I said this more or less at today's CPAC hearing to discuss proposed renewals of MOUs with Cyprus and Guatemala:
I am speaking on behalf of IAPN which represents the micro and small businesses of the numismatic trade. In many ways, this hearing is a much greater test for CPAC than for ancient coin collectors. We’ve heard a lot in the past several years about how the system is rigged. Here, unfortunately, there is convincing evidence that may be the case.
For 25 years after the CPIA was passed, there were no restrictions on coins. This should be no surprise. Coins are items of commerce. So, it is difficult for modern nation states to justifiably claim them as their “cultural property.” They are among the most common of historical artifacts and while they may be of “archaeological interest”, they are generally not of “cultural significance.” They are avidly collected and traded worldwide including in Cyprus. It simply makes no sense to preclude Americans from importing such coins. Indeed, when the CPIA was being discussed, Mark Feldman, a high-ranking State Department lawyer, represented to Congress that it was “hard … to imagine a case where we would need to deal with coins except in the most unusual circumstances.”
In 2007, all this changed with Cypriot coins. According to the declarations of two former CPAC Members, including Former Chair Kislak, that change was made against CPAC’s recommendations. Moreover, there was an attempt to mislead the public and the Congress about CPAC’s opposition to import restrictions on coins. Even worse, the decision maker made the decision after she had already announced she was leaving for a job at Goldman Sachs, where she was recruited by and worked for the husband of a former AIA trustee and the founder of the Antiquities Coalition, which has been highly active lobbying for import restrictions. How can such a decision be a fair one?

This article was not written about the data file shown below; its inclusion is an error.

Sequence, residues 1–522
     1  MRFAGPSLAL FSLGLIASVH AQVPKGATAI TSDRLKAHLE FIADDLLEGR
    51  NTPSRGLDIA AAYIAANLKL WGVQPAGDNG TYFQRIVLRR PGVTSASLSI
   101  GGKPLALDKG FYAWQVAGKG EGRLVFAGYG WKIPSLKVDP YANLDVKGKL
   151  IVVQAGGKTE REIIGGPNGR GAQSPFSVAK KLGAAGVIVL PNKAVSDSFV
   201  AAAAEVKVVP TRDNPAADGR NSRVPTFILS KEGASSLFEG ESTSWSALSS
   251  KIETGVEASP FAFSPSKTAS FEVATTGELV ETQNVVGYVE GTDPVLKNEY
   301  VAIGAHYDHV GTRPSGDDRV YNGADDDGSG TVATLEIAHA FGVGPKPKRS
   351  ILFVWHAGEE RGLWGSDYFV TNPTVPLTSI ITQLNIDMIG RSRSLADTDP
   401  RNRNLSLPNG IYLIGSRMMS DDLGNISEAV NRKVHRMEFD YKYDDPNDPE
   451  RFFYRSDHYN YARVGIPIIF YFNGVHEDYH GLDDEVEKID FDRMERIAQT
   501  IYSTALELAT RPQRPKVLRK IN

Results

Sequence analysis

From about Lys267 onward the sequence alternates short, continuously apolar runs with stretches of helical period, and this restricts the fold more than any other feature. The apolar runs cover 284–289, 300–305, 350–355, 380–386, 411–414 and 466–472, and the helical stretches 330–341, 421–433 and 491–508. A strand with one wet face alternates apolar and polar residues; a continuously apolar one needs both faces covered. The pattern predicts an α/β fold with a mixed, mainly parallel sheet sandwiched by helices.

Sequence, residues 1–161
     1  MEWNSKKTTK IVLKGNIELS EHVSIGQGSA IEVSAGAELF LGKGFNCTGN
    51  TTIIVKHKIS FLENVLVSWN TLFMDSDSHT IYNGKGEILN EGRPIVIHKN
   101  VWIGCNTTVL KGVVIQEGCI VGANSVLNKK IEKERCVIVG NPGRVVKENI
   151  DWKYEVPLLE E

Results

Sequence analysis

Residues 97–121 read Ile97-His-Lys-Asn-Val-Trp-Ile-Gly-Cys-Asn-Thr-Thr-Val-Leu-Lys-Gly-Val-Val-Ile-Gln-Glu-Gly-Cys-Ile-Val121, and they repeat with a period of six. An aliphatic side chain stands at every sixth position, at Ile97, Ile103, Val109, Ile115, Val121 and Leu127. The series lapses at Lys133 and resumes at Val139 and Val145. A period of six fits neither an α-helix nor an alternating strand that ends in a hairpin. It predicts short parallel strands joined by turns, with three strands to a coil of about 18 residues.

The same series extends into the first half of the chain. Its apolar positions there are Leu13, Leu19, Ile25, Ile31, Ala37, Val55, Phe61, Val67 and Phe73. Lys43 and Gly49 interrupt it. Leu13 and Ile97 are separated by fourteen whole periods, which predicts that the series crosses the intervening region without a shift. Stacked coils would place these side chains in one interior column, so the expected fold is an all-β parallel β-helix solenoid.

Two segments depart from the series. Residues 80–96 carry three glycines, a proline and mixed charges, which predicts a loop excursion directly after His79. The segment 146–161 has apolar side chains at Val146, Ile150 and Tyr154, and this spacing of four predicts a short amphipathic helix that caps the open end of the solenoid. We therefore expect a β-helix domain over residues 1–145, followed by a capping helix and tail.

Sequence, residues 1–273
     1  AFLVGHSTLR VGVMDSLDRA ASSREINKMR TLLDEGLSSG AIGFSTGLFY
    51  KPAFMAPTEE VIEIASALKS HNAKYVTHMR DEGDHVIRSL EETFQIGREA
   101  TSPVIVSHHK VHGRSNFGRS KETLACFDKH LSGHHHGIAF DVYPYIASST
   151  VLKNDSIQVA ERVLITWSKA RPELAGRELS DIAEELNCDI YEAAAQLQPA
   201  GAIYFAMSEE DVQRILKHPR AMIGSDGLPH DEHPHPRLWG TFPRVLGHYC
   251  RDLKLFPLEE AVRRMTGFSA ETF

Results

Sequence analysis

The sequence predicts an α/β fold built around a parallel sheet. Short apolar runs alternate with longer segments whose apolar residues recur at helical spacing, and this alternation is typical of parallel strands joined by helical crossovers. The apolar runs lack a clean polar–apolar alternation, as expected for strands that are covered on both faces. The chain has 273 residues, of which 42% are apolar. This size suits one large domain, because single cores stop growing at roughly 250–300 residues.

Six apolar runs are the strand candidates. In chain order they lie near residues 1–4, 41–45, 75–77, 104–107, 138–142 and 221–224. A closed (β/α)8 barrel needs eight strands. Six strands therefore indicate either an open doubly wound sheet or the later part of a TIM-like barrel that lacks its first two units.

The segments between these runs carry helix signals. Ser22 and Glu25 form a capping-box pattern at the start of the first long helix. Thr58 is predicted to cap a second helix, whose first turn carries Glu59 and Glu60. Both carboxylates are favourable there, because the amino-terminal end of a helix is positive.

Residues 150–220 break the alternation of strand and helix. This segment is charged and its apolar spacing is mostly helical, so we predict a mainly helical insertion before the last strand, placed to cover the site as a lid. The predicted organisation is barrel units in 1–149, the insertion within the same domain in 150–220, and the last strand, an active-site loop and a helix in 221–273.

We are realists and understand at this point that import restrictions on coins are probably here to stay, but CPAC can still advocate for a reset on how they are implemented. First, CPAC should insist that the State Department only apply restrictions to coins that are “exclusively found” within Cyprus or to those where there is proof that they were illicitly excavated there. Only such coins can be “first discovered within, and … subject to export control by” Cyprus as required by the CPIA at 19 U.S.C. § 2601(2). In contrast, the State Department’s current standard based on where a coin “primarily circulated” simply ignores these requirements.
Second, even under a “primarily circulated” standard, certain coin types on the current designated list should be removed. Here, numismatic research proves that all Cypriot mint gold and all Attic standard Hellenistic silver coins of Alexander the Great, Philip and Demetrius did not “primarily circulate” within Cyprus and should be delisted.
Third, CPAC should ensure that the State Department only uses neutral experts to help prepare designated lists; not ones who have advocated for import restrictions in the past. At a minimum, State should be directed to meet and confer with collectors and the trade on the contents of these lists. Under no circumstances should collectors and US Customs be forced to guess what coin types are restricted and which are not, as is the case with the recent Turkish and amended Greek lists.
Finally, no new restrictions should be contemplated for Guatemalan coins. Spanish Colonial and Republican era coins are not archaeological in nature; they either do not meet the 250-year threshold and/or are not “normally discovered” within the ground. Nor do such coins meet the definition of ethnological objects. They are not the products of tribal cultures but were produced en masse with sophisticated industrial processes. Finally, due to their wide circulation in international commerce, one cannot assume such coins were “first discovered within” and hence were “subject to export control by” Guatemalan authorities. Indeed, early coins that circulated within Guatemala were also legal tender in the United States until 1857.
With these recommended actions, CPAC can demonstrate that it operates with fairness and adheres to the CPIA’s statutory requirements.